The AI sifted through videos of children playing freely with an adult. “There is no pre-established scenario. It is a matter of analysing the children’s non-verbal behaviour freely, while providing them with various objects that will make it possible to determine the presence or absence of an autistic disorder”, notes Nada Kojovic. The results show that the AI makes accurate autism classification in more than 80% of cases. “This is an excellent result, enthuses Marie Schaer. In 10 minutes, we can indeed obtain a first screening accessible to anyone, wherever they live. This would allow parents worried about their young children to obtain an initial automated assessment of the symptoms of autism. It is of course not perfect, but could constitute a first step to be confirmed by a consultation with a specialist.” Studies show that it often takes more than a year between the parents’ first concerns and their referral to a specialised consultation.

In addition, this automated video analysis offers complete anonymity. “This is precious, not only for the exchange of videos between specialists to refine a diagnosis, but also for training students”, continues the Geneva researcher.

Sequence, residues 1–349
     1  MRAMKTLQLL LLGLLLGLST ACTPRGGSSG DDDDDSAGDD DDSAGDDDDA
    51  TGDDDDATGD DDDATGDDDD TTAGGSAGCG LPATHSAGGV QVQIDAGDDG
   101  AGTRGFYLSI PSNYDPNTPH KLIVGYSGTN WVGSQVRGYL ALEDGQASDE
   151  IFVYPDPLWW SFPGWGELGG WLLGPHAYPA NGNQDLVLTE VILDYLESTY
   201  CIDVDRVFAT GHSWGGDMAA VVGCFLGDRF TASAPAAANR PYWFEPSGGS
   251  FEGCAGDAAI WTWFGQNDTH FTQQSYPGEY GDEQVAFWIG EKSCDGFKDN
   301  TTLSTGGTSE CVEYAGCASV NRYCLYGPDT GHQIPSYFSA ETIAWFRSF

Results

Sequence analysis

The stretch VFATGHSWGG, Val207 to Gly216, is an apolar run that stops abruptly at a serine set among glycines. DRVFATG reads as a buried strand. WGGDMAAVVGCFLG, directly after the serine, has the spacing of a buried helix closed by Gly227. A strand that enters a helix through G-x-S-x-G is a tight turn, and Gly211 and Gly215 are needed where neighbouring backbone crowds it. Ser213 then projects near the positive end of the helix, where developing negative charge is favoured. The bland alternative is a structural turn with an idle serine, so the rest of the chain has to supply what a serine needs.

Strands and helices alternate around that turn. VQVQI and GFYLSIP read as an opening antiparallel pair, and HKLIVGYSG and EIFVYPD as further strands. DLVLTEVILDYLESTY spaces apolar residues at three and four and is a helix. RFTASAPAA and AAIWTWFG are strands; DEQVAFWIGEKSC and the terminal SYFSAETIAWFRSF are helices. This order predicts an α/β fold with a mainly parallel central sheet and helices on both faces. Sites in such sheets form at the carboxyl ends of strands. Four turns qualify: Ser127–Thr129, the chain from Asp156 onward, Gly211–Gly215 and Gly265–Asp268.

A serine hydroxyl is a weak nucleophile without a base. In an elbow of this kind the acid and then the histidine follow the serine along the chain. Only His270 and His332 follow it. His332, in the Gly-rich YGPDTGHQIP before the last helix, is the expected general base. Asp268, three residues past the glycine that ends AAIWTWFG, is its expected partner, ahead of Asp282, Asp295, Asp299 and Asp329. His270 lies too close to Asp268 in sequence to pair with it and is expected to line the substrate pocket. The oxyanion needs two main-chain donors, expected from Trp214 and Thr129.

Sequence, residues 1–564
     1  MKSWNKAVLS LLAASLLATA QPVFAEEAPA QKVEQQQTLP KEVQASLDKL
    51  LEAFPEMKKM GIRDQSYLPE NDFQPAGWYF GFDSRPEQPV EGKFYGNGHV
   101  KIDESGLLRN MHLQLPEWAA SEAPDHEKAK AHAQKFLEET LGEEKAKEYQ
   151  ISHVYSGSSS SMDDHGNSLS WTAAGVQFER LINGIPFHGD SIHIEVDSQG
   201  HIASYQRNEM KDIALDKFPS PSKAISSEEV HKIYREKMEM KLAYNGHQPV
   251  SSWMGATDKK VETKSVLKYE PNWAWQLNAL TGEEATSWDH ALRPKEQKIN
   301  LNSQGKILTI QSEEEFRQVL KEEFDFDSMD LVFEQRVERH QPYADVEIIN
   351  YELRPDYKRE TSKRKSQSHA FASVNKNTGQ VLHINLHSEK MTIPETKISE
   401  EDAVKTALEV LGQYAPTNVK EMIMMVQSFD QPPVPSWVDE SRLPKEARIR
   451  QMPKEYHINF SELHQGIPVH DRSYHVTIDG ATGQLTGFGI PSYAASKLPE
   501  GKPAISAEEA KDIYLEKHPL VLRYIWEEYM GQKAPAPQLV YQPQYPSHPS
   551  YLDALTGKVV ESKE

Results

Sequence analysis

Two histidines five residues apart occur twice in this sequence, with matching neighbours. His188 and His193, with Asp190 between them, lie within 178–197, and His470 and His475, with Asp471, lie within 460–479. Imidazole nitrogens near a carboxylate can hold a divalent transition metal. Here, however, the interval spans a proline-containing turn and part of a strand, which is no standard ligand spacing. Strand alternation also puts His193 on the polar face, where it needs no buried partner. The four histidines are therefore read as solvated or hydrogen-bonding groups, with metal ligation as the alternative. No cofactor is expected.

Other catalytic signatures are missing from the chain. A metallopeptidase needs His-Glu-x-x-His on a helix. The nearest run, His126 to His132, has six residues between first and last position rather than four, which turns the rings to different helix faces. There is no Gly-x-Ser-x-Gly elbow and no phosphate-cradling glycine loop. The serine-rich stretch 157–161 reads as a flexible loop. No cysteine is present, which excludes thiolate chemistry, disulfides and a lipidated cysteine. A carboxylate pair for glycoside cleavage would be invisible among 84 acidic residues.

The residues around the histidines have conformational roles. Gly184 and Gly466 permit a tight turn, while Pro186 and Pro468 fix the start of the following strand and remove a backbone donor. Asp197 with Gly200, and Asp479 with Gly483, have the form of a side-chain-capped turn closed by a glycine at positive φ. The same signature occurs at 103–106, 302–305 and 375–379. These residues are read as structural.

It should be noted that this technology does not require any direct intervention on the child. “The installation of movement sensors is time-consuming and sensitive; it can also disturb the children and influence the results. Here, the computer vision-based analysis is non-invasive”, emphasises Nada Kojovic. Moreover, as it does not require any specific setup, the algorithm can be used to analyse videos recorded in the past, a clear advantage for research purposes.

The aim of the multidisciplinary team is now to make this AI available to everyone. “We now wish to develop an application that would allow such as analysis with only a  10 minutes video filmed with a smartphone”, concludes Thomas Maillart.

September 6, 2021